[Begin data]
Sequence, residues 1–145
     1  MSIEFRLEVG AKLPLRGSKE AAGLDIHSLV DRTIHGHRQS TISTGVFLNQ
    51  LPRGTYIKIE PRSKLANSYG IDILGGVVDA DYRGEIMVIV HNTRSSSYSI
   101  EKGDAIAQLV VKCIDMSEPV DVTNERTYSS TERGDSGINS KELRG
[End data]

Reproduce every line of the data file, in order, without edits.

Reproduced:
Sequence, residues 1–145
     1  MSIEFRLEVG AKLPLRGSKE AAGLDIHSLV DRTIHGHRQS TISTGVFLNQ
    51  LPRGTYIKIE PRSKLANSYG IDILGGVVDA DYRGEIMVIV HNTRSSSYSI
   101  EKGDAIAQLV VKCIDMSEPV DVTNERTYSS TERGDSGINS KELRG